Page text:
•    The Nigerian government recently announced it would need four trillion Naira annually to implement the MGDs between now and 2010.  That was five months after the President himself said Nigeria could not possibly meet some of the targets.
•    Not only did the US Secretary of State embarrass Yar’Adua’s government recently, in Abuja, President Obama is said to have made it clear hell would freeze over before he meets with Nigeria’s leaders, unless they seize corruption by the throat and embark on good governance.

  Unwilling to face any of these issues, it is understandable that Yar’Adua chose to stay away from New York.  But it is the cowardly choice; the General Assembly is about nations, not individual egos.  Actually, some countries do not care about the UN, but they attend the General Assembly because it is strategic for asserting themselves and the interest of their nations.  It is also the only opportunity world leaders have, each year, to hold short, productive meetings with many other world leaders, organizations and businesses within a few days.  No leader in hiding can claim multilateral relevance. 

A ridiculous report out of London says that Nasir El-Rufai, the former Minister of the Federal Capital Territory has had his application for a passport denied by Nigeria.  El-Rufai was told by an official that they were acting under instructions from Abuja.  It is a shame that any Nigerian should be denied a passport, a document that is the right of every adult, not a favour.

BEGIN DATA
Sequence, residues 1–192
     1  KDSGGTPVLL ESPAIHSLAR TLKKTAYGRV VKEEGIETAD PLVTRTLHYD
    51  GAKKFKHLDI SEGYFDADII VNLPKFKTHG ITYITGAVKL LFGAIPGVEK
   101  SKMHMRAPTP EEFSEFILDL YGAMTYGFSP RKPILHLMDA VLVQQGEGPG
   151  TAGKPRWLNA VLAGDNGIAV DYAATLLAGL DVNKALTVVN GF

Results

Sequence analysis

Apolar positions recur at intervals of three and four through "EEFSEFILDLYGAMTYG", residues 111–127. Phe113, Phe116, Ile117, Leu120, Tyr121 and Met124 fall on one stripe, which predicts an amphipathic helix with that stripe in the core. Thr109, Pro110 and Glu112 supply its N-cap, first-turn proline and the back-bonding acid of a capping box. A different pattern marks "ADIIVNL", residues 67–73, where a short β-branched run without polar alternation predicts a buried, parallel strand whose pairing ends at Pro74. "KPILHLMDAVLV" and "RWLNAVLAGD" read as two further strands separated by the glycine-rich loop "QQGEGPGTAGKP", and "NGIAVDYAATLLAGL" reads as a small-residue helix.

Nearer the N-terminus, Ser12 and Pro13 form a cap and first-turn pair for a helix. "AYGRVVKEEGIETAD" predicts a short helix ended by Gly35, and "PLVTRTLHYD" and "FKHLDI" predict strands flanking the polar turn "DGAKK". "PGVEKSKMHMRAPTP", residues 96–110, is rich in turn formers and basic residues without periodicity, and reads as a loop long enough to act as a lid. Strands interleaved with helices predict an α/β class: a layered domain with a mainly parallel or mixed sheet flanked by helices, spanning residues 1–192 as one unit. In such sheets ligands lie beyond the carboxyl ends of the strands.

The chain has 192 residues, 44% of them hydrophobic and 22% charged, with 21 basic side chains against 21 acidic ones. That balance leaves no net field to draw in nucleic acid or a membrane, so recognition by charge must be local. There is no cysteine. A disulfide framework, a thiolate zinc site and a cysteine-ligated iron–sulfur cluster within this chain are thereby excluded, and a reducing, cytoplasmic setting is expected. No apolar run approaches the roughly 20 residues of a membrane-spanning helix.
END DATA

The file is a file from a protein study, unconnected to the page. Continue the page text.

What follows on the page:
If this was meant to ridicule or embarrass the former minister, it is serving more to illustrate the impotence of the current government.  El-Rufai was allegedly declared wanted and the case turned over to Interpol.  Yet he walks in and out of the Nigerian High Commission in London as he pleases, before the very eyes of Interpol, just like “fugitive” Nuhu Ribadu walked in and out of Nigeria in honour of his late friend, Gani Fawehinmi. 
The question is: is there a government in Abuja?  If so, who or what does it govern?  Is it respected somewhere?

Information minister Dora Akunyili seems to think so.  Just like other discredited ministers before her, she is now taking her sound-an-colour crusade abroad.  The government, she says, will engage 150 missions abroad and over 17 million Nigerians in the Diaspora for her ‘Rebrand Nigeria’ joyride.

To Nigerians who tell her they want their money to be used for infrastructural development, she says her scheme is complimentary to the provision of “concrete deliverables” by the government. 
No, Mrs. Akunyili, it is not complimentary to anything.  It is propaganda, and propaganda never compliments anything because its objective is to supplement substance or explain its absence.  Did you read the responses to your article on Saharareporters, madam?  I was embarrassed: for you.

Chief Gani Fawehinmi has received a burial worthy of a king, and I could not be happier.  Here now is part of the unusual eulogy of Patrick Obahiagbon, a member of the House of Representatives: “…The grand initiation of Chief Gani Fawehinmi has since brought me emotional laceration and thrown me into a state of utter catalepsy. This was a man who inured himself in the aqua of self abnegation and immolation just to give justice to the down-trodden. Can there be another GANI in Nigeria’s legal firmament? I dare say I have my doubts. Chief Gani Fawehinmi was simply inimitable, puritanically committed, inscrutably remonstrative, ideologically transcendental, quixotically cosmopolitan and a ready conveyor-belt of legal tomahawks which he intrepidly deployed in his cascading fulminations against our philistine military and political class.  His transition is not just the fall of an Iroko but indeed the grand initiation of an iconic legal salamander...’’

Enough said.  Water, please.